• Thread starter Pierre Desrochers
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Thread Starter

Pierre Desrochers

Hi all -

Again I ask the list to help me solve this request :

We see more and more modules... having specs which list the supply as being able to accept 24 Vac to 240 Vac AND 12 Vdc to 240 Vdc ...

We can connect ANY of those voltages to the supply wires for these devices (proxi, photcell, etc)

What circuit is involved in this... is it a standard chip bought from supplyers like DigyKey or is it a custom circuit.. if so can you
provide a diagram for me to understand ?

Thanks again guys -

[email protected]
There are some assumptions made with these products. I believe in your context these devices use smart power supplies. They measure the incoming voltage and make a decision based on this measurement then take action: turn on appropriate switch for the right power supply configuration. You could probably manage this using all analog (ugly and expensive) but the easiest is to use a microcontroller.

Steve, BSEE

Johan Bengtsson

Ok, I don't know exactly how they did it, but I know how I would have done it, it is not actually that complicated to do:

1. I do of course decide what voltage I want to use internally in the device I am making, example 24Vdc (For this to work it is easiest if it is some DC)

2. I then (if necesary) decide to use a primary DC
voltage, probably somewhat higher that I allow to vary somewhat, and use that one to make the stabilized voltage I want, the easiest solution would be to use say 28-33 something Vdc (ie it is allowed to drop down to 28V and it wouldn't hurt anything if it goes to 33V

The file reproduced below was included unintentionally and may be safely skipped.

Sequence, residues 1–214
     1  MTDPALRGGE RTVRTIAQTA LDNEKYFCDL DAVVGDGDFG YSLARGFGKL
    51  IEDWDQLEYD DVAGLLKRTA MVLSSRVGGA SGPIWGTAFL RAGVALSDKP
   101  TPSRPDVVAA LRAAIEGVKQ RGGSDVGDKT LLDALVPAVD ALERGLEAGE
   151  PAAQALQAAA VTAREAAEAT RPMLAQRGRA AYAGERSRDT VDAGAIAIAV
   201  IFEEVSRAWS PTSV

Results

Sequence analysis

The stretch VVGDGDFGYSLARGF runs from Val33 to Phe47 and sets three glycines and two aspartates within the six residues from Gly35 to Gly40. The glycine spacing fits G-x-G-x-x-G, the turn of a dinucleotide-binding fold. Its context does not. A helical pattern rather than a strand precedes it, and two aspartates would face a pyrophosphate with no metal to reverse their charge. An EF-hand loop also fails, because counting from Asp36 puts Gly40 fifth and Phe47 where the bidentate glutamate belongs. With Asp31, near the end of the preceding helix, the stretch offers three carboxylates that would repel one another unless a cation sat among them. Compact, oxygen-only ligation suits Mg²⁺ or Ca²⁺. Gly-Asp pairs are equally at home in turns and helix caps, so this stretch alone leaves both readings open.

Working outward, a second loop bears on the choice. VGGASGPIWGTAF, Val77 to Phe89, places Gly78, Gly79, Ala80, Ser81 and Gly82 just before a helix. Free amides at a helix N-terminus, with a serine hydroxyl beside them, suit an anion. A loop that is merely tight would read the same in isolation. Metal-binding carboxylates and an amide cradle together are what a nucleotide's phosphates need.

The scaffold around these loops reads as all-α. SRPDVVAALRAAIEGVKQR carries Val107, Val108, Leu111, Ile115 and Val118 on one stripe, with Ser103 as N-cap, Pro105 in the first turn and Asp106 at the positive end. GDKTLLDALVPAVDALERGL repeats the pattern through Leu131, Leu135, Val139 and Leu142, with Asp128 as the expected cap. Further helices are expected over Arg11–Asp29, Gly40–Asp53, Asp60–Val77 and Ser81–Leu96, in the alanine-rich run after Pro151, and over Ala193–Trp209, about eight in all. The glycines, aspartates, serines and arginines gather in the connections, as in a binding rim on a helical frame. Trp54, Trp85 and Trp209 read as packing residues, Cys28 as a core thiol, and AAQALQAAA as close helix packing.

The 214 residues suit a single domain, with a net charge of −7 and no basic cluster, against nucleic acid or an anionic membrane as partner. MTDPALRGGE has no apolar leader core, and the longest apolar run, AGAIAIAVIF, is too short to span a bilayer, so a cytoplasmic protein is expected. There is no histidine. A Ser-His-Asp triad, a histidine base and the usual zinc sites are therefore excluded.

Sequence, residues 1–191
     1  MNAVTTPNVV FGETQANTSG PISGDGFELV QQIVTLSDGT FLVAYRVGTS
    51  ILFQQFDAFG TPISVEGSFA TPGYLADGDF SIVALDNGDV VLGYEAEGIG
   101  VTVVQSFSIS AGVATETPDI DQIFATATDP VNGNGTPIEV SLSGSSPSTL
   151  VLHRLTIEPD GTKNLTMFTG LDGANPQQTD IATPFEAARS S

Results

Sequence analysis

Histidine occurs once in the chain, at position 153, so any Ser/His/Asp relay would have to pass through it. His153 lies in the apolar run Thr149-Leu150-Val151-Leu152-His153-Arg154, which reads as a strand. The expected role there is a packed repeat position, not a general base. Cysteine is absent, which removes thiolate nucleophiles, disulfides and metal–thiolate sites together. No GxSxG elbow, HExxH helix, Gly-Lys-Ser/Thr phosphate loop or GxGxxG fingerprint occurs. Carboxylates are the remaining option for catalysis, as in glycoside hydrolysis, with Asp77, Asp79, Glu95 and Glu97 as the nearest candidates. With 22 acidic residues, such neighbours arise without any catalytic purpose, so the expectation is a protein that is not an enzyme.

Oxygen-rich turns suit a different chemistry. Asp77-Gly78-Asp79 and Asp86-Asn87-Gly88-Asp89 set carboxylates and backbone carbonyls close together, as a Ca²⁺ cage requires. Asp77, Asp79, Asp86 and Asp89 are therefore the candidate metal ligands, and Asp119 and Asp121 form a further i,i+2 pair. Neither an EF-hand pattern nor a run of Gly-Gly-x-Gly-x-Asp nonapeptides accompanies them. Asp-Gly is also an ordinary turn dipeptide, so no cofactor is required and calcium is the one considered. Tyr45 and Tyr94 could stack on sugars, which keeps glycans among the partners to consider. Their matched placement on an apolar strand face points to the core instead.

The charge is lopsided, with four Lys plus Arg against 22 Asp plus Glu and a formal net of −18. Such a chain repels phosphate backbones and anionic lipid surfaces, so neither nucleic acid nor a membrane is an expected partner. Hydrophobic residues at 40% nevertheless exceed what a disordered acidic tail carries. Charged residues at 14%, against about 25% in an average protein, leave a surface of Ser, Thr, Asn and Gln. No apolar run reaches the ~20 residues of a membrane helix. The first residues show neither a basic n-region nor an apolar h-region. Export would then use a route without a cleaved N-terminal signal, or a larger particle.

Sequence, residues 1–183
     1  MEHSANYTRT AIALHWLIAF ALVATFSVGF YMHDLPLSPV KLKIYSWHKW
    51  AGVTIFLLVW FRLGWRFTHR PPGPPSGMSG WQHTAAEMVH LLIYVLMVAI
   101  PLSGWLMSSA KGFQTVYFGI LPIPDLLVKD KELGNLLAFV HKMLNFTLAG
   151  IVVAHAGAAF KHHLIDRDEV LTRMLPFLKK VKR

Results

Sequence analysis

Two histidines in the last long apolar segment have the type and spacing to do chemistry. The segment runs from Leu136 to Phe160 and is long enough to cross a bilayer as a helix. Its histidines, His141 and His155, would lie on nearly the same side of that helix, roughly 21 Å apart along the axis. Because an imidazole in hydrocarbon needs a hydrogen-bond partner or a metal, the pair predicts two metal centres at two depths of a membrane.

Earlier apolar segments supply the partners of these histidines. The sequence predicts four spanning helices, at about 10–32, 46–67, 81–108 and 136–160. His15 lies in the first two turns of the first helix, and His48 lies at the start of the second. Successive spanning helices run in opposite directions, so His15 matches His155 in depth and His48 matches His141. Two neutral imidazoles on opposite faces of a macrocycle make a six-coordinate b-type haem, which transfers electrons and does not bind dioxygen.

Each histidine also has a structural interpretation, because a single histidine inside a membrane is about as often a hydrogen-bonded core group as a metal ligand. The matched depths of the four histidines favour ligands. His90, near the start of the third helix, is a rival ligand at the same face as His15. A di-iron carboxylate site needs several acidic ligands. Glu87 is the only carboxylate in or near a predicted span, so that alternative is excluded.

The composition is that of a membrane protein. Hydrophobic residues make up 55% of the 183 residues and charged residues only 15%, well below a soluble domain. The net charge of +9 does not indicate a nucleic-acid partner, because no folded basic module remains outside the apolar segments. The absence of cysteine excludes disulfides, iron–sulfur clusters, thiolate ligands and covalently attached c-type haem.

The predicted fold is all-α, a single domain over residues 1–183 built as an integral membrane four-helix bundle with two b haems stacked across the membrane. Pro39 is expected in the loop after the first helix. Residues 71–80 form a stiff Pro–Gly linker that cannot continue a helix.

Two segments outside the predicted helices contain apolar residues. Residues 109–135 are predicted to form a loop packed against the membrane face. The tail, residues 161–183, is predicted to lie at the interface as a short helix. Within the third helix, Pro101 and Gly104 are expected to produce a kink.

3. The input voltage is feed thru a low pass filter (inductor + capacitor) removing frequencies above about some 100Hz to 10kHz (depending on the switch frequency, see below). The filter should well enough let the possible input AC frequencies pass of course

4. The input voltage is rectifyed as the first step This handles the input voltage regardless of if it is AC or DC

5. The recified input voltage is then switched and feed thru an inductor, or a transformer if insulation is needed

6. The output from (5) is fed to a large capacitor (large enough to hold the voltage (2) high enough when the (possible) AC input is near 0.

7. The average voltage at (6) is regulated to be approx 30V or so. the control signal is affecting the PWM of (5)

Design issues:
A high switching frequency will make it easier as the filter will be cheaper and so will the
inductor/transformer used in the voltage conversion process
The components have to handle the power needed at both lowest possible input voltage (= high current) and the highest possible input voltage (= high voltage). You can extend the limits as far as you want, it is only a question about money spent.

This design have the additional benefit of taking a sinus formed current from the source if it is AC input.

Johan Bengtsson
P&L, Innovation in training
Box 252, S-281 23 H{ssleholm SWEDEN
Tel: +46 451 49 460, Fax: +46 451 89 833
E-mail: [email protected]